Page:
The Three Great Lights of Masonry: The Book of the Law, Square and Compasses
We are first introduced to the Three Great Lights when we are kneeling at the altar in the 1st degree. The Senior Deacon removes the hoodwink and the Worshipful Master motions to the open Bible, the Square and Compasses superimposed upon the Volume of the Sacred Law.
The Volume of the Sacred Law used in our lodges represents “Light”, but not just any light. It does not denote any specific religious sect’s “Light” or knowledge, as some would allege “Light” to be. Some have described masonic “Light” as specifically being knowledge, but knowledge without context, experience and judicious and wise application is useless at best and dangerous at the worst.
I believe that our masonic light is the all-encompassing “Light” of the Creator who is known by many names by many people throughout all recorded time, and whose handiwork is inscribed in Nature and on every stone, star and living thing. In our ritual we are told that the VSL is to rule and govern our faith and is the symbol of our dependency and relationship to God.
“The first objects presented to your view on being brought from darkness to light are the Three Great Lights of Masonry, the Holy Bible, Square and Compass.”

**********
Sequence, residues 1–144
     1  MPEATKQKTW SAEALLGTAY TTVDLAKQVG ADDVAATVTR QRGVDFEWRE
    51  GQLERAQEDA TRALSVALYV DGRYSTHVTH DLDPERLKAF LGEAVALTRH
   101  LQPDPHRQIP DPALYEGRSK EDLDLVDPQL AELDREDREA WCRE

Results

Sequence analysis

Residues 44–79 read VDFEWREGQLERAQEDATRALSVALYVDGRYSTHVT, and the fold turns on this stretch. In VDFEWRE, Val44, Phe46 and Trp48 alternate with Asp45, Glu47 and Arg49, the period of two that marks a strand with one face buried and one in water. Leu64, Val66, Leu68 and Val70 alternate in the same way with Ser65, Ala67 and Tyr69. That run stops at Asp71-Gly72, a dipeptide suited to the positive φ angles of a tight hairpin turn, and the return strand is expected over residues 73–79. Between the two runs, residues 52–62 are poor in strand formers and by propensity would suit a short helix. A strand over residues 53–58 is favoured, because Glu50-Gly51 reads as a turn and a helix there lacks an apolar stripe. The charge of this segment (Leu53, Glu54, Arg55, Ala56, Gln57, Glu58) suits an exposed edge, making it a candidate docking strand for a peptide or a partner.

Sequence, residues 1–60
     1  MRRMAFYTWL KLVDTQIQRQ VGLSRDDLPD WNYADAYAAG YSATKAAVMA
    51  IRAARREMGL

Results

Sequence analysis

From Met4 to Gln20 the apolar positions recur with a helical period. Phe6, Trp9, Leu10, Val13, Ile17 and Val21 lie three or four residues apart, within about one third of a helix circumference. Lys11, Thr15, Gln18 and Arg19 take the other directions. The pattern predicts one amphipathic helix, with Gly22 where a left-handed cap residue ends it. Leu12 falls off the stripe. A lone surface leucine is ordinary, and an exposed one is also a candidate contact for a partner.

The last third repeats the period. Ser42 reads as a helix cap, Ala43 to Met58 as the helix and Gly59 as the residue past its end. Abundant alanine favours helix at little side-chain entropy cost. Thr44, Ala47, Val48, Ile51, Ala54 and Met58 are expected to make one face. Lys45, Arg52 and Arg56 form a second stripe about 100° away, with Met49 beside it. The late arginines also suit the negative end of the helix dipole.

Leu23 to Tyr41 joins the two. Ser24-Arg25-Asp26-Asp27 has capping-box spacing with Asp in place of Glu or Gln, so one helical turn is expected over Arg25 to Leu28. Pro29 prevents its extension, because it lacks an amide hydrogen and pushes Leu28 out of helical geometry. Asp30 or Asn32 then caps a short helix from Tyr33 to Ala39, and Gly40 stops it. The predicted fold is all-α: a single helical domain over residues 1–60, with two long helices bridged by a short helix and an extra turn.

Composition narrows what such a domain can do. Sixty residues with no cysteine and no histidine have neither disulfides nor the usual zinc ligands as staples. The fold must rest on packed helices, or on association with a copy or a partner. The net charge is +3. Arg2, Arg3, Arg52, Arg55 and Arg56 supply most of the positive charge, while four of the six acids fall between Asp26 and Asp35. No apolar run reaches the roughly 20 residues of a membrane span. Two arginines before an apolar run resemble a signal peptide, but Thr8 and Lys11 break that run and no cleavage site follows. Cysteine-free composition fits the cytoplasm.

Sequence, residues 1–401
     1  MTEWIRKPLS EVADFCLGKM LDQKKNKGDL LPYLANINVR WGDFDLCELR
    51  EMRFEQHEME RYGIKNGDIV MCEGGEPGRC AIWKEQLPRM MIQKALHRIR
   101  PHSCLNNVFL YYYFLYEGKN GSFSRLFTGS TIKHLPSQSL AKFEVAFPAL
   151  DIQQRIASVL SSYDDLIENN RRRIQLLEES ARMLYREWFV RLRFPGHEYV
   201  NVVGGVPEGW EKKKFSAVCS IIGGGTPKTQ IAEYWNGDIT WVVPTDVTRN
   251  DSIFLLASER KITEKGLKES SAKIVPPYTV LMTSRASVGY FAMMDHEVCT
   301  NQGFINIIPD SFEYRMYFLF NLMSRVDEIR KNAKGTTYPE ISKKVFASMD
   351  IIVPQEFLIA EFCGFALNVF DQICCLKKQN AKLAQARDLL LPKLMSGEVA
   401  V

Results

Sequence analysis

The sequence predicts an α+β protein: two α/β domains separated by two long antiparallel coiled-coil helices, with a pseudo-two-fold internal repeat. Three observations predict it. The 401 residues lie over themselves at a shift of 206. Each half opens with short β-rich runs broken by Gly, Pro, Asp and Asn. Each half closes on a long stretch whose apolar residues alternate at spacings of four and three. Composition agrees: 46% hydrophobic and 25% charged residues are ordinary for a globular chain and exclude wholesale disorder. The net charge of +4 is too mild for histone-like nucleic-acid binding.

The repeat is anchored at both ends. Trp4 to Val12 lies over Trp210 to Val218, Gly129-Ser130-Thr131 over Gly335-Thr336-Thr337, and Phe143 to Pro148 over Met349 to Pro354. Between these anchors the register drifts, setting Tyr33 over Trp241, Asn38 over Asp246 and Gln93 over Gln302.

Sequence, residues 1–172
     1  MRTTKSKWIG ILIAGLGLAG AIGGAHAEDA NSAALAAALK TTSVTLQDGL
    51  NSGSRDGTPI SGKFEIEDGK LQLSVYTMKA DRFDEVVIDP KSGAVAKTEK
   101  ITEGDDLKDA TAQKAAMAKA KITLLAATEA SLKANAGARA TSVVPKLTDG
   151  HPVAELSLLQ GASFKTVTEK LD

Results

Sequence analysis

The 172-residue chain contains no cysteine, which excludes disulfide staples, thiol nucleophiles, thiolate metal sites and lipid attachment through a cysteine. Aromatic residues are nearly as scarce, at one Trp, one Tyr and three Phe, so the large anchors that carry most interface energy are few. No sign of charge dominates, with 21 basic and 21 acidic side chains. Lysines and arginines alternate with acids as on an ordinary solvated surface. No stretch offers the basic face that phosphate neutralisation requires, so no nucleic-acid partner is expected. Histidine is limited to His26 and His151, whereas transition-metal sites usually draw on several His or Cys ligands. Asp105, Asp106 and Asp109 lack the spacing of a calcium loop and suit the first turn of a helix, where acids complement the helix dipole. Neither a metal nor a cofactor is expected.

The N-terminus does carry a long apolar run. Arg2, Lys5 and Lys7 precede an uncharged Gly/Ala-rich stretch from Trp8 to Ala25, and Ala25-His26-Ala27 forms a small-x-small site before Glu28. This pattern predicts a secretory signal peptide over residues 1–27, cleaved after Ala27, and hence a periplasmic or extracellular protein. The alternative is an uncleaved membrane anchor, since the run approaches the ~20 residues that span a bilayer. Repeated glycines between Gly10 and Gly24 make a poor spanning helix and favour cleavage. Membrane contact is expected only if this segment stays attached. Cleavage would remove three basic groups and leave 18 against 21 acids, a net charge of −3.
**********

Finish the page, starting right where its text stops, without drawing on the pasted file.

After this instruction the Worshipful Master then gives a shortexplanation of their import and meaning and in a whirl of words and a rush of the ritual work he is off on another tangent and moving onto more explanations and instructions that have become part of the clipped pace of our degree work.
Because the pace of the degree work seems to move so quickly it can confuse, overwhelm and even intimidate a new candidate. It seems that masonry has consciously determined to use a maddeningly rushed pace to confuse rather than educate and inculcate its most deeply held tenets and secrets.
But if we look carefully at our work it becomes clear that the initiates who crafted our degrees had specific reasons for obfuscating the symbols. Their purpose was to create tension and to create questions in hopes that the new brother would begin his studies of the Craft more earnestly.
With the candidate kneeling at the altar, which is arguably the place of birth in the lodge of the new mason, with these Three Sacred Great Lights, the most profound act of change takes place in a man, and that change takes place in his heart. This occurs in the center of the precincts and sacred space ofSolomon’s Temple, which itself exemplifies the mundane plane.By the use of the term “mundane plane” I refer to our physical manifestation and experiences on the Earth proper.